Blame it on the Auto-Tuned landscape of mainstream hip-hop, or perhaps the backlash against too-cool-for-school rappers, but hardcore rap is in the midst of a major resurgence. Releases by Jay-Z, Rakim, Eminem, Jadakiss, Redman, and other rappers who represent the dark side of hip-hop's "golden" era have been among this year's most eagerly anticipated albums. But Raekwon's Only Built for Cuban Links ... Pt. 2 may be the album that towers above them all.
This sprawling crime odyssey, which is the conceptual sequel to the 1995 classic, Only Built for Cuban Links ... Pt. 1, finds Raekwon, the Wu-Tang Clan's most vividly descriptive MC, in top form. The album begins nunchucks out with "House of Flying Daggers." J Dilla's heat-seeking missile of a beat provides the backdrop for this body-rocking monster, which features guest verses from the Wu's Ghostface, Method Man, and Inspectah Deck. The visceral "Pyrex Vision," takes us into the deliberate mind of a crack dealer who's cooking up rock on the stove. On the poignant "Ason Jones," sex, crack, and rock 'n' roll are briefly put on pause as Rae eulogizes the fallen Ol' Dirty Bastard over an instrumental from the late J Dilla.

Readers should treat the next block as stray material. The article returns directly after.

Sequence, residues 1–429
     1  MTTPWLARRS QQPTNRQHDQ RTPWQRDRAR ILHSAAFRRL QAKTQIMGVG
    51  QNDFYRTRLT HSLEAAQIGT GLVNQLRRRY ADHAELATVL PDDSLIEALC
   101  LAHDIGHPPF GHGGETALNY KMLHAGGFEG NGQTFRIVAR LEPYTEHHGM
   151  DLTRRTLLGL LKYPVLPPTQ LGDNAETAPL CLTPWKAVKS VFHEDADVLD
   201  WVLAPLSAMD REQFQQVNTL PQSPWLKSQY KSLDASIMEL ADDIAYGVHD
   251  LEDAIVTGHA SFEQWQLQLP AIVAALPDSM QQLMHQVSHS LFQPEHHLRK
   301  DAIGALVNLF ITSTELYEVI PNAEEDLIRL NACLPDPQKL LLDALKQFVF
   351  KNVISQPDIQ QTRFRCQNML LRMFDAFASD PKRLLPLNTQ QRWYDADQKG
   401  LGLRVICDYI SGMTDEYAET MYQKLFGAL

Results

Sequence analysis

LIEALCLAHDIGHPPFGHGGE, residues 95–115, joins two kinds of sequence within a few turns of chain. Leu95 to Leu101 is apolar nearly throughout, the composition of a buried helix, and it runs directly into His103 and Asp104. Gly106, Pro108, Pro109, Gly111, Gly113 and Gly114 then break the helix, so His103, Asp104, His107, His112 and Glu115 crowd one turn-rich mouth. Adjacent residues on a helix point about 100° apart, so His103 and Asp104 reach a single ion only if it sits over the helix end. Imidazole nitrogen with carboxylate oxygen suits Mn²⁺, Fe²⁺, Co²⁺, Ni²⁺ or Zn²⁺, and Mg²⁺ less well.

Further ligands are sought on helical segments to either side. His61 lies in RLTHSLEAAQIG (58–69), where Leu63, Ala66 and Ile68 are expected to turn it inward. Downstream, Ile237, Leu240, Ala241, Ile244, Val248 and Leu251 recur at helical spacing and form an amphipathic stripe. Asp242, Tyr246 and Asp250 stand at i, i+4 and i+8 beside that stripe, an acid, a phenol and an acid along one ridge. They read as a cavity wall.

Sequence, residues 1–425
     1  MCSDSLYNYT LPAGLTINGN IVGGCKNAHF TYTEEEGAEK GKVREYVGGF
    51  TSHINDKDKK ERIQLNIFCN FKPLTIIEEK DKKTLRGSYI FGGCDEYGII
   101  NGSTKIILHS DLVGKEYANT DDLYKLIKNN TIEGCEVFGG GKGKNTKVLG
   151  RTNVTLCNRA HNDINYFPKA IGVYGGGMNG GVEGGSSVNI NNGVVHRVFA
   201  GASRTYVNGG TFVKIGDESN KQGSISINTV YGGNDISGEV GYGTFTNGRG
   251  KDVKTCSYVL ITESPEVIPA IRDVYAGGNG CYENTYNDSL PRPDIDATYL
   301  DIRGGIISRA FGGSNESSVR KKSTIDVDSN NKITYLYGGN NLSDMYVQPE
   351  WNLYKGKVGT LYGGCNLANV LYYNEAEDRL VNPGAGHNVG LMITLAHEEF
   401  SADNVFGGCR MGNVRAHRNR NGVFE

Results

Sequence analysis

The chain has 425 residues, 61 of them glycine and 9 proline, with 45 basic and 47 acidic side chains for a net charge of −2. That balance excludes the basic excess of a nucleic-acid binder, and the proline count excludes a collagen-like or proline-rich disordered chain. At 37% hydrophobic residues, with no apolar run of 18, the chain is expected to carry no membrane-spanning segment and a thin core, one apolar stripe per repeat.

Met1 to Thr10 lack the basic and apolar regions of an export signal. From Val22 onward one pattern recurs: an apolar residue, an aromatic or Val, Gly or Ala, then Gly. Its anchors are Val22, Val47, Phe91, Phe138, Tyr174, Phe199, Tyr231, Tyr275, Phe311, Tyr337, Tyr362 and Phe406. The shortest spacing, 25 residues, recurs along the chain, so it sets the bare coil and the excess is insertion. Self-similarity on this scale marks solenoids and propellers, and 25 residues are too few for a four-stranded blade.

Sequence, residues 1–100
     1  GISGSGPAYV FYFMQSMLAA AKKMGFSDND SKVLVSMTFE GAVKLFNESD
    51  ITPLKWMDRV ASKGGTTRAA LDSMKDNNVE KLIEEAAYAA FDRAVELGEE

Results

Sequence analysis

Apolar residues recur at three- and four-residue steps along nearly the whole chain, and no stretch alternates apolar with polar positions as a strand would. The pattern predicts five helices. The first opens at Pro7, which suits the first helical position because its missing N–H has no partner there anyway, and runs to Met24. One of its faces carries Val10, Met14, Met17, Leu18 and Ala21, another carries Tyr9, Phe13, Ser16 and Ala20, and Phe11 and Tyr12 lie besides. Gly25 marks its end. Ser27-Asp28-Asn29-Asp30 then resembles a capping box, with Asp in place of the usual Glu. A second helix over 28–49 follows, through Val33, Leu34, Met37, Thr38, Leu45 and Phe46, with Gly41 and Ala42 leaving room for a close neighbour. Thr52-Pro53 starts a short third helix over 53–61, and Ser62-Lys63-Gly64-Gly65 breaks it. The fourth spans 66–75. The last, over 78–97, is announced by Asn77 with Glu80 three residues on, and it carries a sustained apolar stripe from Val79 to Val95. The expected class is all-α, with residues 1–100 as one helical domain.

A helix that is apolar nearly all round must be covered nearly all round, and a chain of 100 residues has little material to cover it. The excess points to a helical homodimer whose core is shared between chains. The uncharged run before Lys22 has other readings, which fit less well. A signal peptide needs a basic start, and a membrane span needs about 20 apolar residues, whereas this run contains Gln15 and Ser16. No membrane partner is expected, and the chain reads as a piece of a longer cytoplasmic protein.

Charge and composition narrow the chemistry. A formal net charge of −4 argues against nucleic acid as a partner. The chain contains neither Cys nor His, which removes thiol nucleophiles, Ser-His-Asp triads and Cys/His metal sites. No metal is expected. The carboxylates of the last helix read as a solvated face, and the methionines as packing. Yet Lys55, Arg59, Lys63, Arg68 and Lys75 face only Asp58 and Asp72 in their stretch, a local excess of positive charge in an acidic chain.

Throughout Cuban Links ... Pt. 2, Rae remains in the same noir holding pattern he's been in his entire career. While this works mostly to his advantage, Rae's three-dimensional renderings of lawless New York City streets, lavish pads bought with crack money, and Arm & Hammer-stained kitchens are a bit tiring over the course of 22 skit-free tracks. Fortunately, well-timed guest spots, including six cuts with Ghostface, inject enough stylistic diversity to keep Cuban Links ... Pt. 2 from sounding monotone.
Although Cuban Links ... Pt. 2 is not innovative enough and is too self-indulgent to be deemed a classic, there's still plenty for disciples of the Wu to like. Raekwon's ability to pen cinematic narratives like a hip-hop Scorsese is as strong as ever. (EMI)